Carole Corbeil was very much like her writing - gentle, tough and relentlessly insightful. Her death from ovarian cancer last Friday has seriously shaken Toronto's artistic community.
I met her just after the publication of her debut novel, Voice-Over. I remember that first interview. She was obviously nervous, still in the first flush of excitement that goes with finally publishing a novel. She toyed with her lunch and gulped on her words as she confessed that she could hardly believe that anyone was interested in her work. Typical - she wasn't the type to tout her talent.
Voice-Over is rich with her gifts. Her story of a troubled Quebecoise transplanted to Toronto is a powerful evocation of French displacement in English Canada and of the paradoxical challenge of living in two languages in a bilingual country. And to this day there hasn't been any fiction that so captures Toronto's Queen West in the early 80s.
But I remember the book most for its ferociously honest depiction of the first throes of motherhood. Corbeil was brave enough not to romanticize the experience of living with a newborn, a stance that I know helped sustain me when I became a new mother.
She covered the arts for both the Globe and Mail and the Toronto Star, and was one of the only people I ever met who really earned the right to be a critic.
She was such a skilled writer that you knew her opinion was never driven by insecurity or meanness. She seemed to shudder with delight at anything beautiful. And she was so awestruck by the appalling powers invested in arts reviewers that she couldn't help but take on those issues in her second novel, In The Wings. Robert Pullwarden, the theatre critic she creates, is a cautionary portrait - power-hungry, manipulative, vengeful. Everything Corbeil wasn't.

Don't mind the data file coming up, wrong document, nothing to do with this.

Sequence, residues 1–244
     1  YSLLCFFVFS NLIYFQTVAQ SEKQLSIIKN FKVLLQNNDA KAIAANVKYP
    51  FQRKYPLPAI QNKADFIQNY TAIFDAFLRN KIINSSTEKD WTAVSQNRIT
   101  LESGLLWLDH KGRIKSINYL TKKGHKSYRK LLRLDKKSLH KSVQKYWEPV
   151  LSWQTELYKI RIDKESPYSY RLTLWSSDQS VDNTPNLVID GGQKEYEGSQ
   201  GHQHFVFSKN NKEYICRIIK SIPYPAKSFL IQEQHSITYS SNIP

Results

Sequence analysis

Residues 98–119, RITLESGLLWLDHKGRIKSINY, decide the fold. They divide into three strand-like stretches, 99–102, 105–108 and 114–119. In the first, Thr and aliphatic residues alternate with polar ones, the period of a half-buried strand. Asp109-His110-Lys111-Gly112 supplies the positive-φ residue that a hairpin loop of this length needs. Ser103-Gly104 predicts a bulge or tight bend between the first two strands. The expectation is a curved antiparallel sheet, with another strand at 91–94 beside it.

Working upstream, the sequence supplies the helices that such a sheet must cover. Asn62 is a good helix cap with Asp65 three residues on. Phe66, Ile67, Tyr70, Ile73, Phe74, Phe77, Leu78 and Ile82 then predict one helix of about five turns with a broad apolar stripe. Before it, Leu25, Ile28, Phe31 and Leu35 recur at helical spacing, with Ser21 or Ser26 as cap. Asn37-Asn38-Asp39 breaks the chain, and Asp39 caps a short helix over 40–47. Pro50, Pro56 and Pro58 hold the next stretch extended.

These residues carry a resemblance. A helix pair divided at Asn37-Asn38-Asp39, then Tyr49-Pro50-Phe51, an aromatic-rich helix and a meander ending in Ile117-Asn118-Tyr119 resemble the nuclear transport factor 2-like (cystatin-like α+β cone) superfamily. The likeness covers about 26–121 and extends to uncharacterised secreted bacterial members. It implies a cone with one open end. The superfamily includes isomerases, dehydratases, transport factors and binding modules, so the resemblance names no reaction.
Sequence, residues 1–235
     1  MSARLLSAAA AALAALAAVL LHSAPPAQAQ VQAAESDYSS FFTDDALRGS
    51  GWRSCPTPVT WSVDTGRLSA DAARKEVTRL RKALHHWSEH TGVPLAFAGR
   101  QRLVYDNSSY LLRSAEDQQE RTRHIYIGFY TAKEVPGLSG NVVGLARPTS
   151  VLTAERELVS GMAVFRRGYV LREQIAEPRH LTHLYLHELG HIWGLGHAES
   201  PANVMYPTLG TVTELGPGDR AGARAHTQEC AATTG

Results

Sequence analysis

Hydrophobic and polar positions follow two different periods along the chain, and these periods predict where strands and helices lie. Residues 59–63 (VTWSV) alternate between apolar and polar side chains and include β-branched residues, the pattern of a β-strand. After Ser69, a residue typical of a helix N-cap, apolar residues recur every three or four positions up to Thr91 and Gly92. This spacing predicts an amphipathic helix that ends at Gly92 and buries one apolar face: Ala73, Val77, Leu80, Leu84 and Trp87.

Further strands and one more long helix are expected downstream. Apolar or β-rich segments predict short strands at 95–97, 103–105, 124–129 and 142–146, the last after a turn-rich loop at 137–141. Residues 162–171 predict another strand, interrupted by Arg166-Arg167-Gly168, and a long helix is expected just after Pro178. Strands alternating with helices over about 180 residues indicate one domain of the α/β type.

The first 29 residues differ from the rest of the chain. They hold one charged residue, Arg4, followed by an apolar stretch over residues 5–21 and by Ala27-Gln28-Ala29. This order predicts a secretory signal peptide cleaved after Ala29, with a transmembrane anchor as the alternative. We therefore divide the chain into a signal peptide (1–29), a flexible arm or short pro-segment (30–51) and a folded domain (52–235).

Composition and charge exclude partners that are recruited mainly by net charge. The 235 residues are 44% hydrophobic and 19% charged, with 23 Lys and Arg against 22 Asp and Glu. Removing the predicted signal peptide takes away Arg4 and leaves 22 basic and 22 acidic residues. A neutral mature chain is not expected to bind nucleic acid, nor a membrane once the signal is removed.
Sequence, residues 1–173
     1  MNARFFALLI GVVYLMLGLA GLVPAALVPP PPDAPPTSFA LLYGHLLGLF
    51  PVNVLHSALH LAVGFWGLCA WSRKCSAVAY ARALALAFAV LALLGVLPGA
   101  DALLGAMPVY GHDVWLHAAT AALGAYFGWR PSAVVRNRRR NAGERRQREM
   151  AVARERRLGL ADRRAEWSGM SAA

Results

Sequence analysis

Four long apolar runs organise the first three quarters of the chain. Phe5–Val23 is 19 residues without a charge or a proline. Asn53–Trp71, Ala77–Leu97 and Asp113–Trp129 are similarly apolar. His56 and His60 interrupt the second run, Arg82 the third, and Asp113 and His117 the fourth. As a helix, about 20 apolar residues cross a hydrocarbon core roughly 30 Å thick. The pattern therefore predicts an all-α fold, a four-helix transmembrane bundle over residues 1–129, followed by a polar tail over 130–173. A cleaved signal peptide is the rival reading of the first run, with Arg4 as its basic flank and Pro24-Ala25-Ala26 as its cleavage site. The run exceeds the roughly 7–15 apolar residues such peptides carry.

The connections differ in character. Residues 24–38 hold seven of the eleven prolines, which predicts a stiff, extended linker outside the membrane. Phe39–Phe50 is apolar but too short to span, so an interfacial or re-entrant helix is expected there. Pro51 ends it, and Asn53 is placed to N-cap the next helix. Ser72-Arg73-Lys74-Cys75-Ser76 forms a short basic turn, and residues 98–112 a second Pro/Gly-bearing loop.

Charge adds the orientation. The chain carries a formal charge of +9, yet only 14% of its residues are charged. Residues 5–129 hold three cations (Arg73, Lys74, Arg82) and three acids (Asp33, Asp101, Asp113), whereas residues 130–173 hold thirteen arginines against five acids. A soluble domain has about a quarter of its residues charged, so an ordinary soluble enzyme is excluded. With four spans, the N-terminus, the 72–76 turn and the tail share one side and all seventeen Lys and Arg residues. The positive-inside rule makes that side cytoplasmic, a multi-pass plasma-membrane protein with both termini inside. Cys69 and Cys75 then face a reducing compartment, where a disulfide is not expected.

She was, instead, a study in understated grace. I learned the virtues of this quality when I participated with her on a panel alongside Gloria Steinem at the Stratford Festival in the early 90s. Exercised by Steinem's presence in all the wrong ways, I did everything but jump through hoops to get the Yankee star's attention. But it was Corbeil whom everybody noticed.
In her brief but deft remarks she recalled the nuns who taught her, not as mindless victims but as strong women trying to come to terms with their faith. It was a humbling experience to be sitting beside her at that moment, a lesson in how the workings of a supple mind and a subtle intellect will always triumph over flash and trash.
A memorial celebrates her life and art on Sunday (October 15) at Theatre Passe Muraille (16 Ryerson) at 7:30 pm. 504-8988.